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Kristina Halvorson is the CEO and Founder of Brain Traffic. She will be stopping by the SX Bookstore to greet registrants and sign copies of her book, Content Strategy for the Web.
In this age of attention deficit and time deprivation, brevity is critical to successful communication. Rules of writing succinctly are essential learning for storytellers of all persuasions: advertisers, marketers, PR practitioners and fictionistas. Learn from Shorty award winning voice of @BettyDraper how to create memorable communication in abbreviated space. Glean expertise from masters of the short form, both commercial and literary--including Hemingway, who wrote a story in a mere six words: "For sale: baby shoes. Never worn."
Great copy is critical to the effectiveness of nearly every website. Yet often, a business owner, designer, or developer, perhaps pressured by budget and time limitations, will write the copy him- or herself. This session will tell you when that's a good idea, and when it's not. For those times when it's okay to be the "accidental writer," you'll learn quick tips for crafting effective web copy. For those times when you really need to bring in a pro, you'll learn how to work with a web writer to get the best copy for your website, as quickly and cheaply as possible.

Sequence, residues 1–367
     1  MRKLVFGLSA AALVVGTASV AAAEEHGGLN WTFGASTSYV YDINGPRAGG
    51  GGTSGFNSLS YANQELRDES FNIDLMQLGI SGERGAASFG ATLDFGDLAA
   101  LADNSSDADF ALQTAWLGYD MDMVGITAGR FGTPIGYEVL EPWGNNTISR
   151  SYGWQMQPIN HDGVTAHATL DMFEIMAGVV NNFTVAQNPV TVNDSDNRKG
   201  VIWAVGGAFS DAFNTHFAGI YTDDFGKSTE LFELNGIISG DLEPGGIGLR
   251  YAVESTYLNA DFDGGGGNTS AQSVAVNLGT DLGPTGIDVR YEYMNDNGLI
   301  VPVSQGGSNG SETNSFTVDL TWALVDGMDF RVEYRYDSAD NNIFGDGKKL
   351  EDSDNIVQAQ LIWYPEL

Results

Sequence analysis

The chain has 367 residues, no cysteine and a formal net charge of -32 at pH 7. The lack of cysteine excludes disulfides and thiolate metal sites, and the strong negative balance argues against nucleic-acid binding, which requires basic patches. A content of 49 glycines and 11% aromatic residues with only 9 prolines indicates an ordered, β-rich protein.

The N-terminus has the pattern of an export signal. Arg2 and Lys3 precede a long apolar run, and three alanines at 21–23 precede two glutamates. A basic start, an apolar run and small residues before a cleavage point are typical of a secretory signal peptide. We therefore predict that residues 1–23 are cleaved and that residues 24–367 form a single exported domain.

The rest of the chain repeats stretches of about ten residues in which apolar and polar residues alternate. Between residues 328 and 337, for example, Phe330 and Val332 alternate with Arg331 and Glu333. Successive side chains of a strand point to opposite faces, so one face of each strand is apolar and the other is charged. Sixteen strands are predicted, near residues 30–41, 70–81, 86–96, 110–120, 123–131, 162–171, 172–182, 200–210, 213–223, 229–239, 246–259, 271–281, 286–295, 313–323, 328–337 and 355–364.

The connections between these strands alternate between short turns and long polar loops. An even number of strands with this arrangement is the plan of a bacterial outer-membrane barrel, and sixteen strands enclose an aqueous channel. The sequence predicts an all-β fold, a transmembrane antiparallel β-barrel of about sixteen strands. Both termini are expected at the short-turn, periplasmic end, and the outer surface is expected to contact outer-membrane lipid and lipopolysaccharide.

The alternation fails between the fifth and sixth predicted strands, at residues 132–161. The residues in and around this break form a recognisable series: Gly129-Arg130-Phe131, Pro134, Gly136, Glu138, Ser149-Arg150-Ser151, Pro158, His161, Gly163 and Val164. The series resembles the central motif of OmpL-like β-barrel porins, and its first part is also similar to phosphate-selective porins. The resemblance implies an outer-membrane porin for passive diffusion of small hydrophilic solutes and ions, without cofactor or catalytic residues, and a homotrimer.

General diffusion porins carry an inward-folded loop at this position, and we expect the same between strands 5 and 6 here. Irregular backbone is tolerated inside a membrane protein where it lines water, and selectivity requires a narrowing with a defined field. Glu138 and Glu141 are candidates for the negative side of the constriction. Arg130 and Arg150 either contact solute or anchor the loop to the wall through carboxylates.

OK. So let's say your business has a website, a Facebook page, a Twitter account, a blog (or lots of blogs), an email newsletter, some SEO stuff, and eighty bajillion landing pages you forgot about back when it was still funny to rick-roll someone. Who's doing all this content? Are they talking to each other? Should someone be in charge? Who?
Come feel the love as a marketer, a CMS wonk, a UX designer, and a typical SME are brought together (Jerry Springer-style) to discuss the joys of cross-channel content strategy.
Although the web as a medium - and the web industry in general - promotes a somewhat informal community culture, its standards are absolute. Competition continues to evolve our definition of "exceptional" in order to efficiently separate the pioneers from the posers.
But when it comes to content, are the boundaries still too informal? Have we been so focused on conceiving, designing, developing, and marketing the most mind-blowing ideas that we're apathetic to (correctly) adding a space between "log" and "in".
I say, no way Jose (The question is, do you? And who is Jose, anyway?)
Since designers and developers have been busy creating intensely standards-based work, it's understandable that they haven't necessarily kept sharp on their written word. But without the universal nature of black-and-white text to complement an online portfolio or describe a unique application, a reader is left alone to categorize, digest, and decide: am I intrigued enough to *do* something?
In this session, I'll discuss ways in which web specialists can write compelling, credible content that piques interest and encourages action from readers. Attendees will leave with tips to elevate their content game -- whether they're aiming to more successfully write dynamic resumes and cover letters, describe their work in creative portfolios, guide users through enjoyable web interfaces, or convey value to gain one more paying subscriber.
How does a company make the leap from “marketing-speak” to become a publisher on the Web? How do you know what to say? How can you create stories and videos and blog posts that people will love? How can you cultivate fans and spark devotion? How can your ideas ignite your business? How do you know if it’s working?